from the all-i-want-for-christmas-is-rule-11-sanctions dept
Back in June we wrote about an absolutely ridiculous lawsuit filed by a guy named Andy Stone, but who performs as Vince Vance and the Valiants, against Mariah Carey, claiming copyright infringement from her song “All I Want for Christmas is You.” As we noted at the time, the only similarity between the two songs is the title and the theme, and neither of those are covered by copyright. Indeed, there are other songs that predated Stone’s song that also have the same title. The Carey song and the Vance song (released five years earlier) sound nothing alike.
The original complaint didn’t even try to claim that they sounded alike. It just complained that Carey didn’t seek permission from Stone. But she doesn’t need to, because she didn’t copy anything.
Incredibly, Stone filed an amended complaint that made things even worse. As we noted, the original didn’t even claim the music was similar. The amended complaint argues that they are musically similar. But not in ways that are copyrightable:
Analyzing the melody of each song, the overall contour of the same is substantially similar.
In both songs, the notes of the singer’s melody ascend and descend in identically. While Defendants
is more disjunct and includes more melisma, that is characteristic of Carey’s R&B style, which is
vocally different from Vance’s country style. However, these differences are more of a matter of
performance than composition.
This is… garbage. The songs are totally different. And then they make it worse, claiming lyrically they are similar as well. Again, they are not:
Further, the overall period of the melodic phrasing is comparable. Specifically, both songs
use an antecedent-consequent phrase structure, where the initial phrase (a) ascends melodically, and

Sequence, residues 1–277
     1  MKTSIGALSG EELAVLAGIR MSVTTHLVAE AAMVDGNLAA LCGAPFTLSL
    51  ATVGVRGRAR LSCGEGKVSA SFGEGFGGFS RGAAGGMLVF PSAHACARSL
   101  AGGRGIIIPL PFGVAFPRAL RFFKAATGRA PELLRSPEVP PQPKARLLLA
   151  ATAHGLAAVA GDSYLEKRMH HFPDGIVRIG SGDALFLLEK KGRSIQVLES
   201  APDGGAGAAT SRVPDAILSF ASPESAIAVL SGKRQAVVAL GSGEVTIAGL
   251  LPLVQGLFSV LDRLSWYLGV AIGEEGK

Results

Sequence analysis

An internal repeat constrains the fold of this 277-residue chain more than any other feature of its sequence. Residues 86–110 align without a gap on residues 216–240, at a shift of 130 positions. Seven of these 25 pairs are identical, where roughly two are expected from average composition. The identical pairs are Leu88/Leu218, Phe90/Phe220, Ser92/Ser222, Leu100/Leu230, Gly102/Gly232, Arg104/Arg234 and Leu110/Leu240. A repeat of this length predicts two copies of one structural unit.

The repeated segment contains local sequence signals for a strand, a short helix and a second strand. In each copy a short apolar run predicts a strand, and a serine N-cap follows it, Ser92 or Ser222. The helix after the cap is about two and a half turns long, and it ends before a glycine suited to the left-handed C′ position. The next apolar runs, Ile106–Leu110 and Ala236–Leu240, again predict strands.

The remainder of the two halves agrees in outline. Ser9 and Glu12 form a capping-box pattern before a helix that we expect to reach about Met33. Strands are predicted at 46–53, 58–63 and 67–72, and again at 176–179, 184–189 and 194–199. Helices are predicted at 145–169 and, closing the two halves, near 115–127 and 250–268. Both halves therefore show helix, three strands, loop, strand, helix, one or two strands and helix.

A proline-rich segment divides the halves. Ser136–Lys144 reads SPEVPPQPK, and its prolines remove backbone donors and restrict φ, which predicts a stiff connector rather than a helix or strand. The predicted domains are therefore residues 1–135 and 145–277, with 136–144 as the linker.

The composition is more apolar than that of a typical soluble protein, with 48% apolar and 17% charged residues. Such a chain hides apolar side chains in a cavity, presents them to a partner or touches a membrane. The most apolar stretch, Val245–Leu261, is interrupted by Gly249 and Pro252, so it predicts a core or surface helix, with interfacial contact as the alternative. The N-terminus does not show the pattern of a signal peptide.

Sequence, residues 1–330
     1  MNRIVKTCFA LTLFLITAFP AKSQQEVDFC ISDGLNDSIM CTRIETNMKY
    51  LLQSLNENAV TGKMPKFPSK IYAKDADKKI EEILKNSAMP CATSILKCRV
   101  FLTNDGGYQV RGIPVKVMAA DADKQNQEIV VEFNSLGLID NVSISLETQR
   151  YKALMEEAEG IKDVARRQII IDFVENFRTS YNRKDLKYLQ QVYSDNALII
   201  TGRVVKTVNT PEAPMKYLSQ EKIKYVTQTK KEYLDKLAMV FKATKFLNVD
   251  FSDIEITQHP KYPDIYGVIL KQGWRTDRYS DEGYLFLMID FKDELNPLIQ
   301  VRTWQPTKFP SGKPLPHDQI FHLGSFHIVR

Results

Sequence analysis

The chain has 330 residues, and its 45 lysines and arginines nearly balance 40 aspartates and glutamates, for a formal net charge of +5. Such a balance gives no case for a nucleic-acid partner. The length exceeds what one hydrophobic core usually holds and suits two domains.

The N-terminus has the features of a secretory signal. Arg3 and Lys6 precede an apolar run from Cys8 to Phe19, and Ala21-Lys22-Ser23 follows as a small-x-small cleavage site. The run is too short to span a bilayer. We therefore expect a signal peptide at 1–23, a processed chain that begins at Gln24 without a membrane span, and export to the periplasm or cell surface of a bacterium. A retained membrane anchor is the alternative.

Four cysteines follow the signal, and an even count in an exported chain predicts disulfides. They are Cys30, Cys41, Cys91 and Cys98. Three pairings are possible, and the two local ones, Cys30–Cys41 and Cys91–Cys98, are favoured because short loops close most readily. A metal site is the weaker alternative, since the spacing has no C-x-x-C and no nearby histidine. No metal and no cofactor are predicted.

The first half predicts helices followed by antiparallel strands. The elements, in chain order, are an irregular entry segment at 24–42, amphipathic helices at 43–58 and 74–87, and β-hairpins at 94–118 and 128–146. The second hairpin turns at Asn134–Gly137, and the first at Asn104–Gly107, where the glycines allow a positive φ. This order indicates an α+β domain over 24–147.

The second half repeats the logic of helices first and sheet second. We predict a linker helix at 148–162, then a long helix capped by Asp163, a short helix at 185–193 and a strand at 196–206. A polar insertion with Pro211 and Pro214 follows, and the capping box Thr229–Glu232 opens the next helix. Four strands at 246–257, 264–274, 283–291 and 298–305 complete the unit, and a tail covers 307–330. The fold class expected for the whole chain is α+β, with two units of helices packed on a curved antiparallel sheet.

the response phrase (b) then descends. (e.g., the beginning of each verse: (a) “If I wrote a letter to
Santa Claus,” (b) “I would ask for just one thing” is comparable to (a) “I don’t want a lot for
Christmas,” (b) There is just one thing I need.”)
There are a few other attempts at this. They’re all so ridiculous that I would have been surprised if Carey’s lawyers didn’t seek to have Stone pay their legal fees and/or seek sanctions against the lawyers who filed such a garbage lawsuit.
Of course, for now we won’t know, because, without Carey’s lawyers filing anything in response, Stone has now dropped the suit, though without prejudice, so in theory he could refile it again (or somewhere else). I have no idea why he dropped the lawsuit, but (again) if Carey’s lawyers pointed out that he was likely to lose badly and have to pay the other side, and that the lawyers could get sanctioned, they might have realized that dropping the suit before Carey filed a reply and could seek all of those things… might be the more prudent course of action.
Filed Under: all i want for christmas is you, andy stone, copyright, louisiana, sanctions, song titles, vince vance
Companies: sony music
Source by www.techdirt.com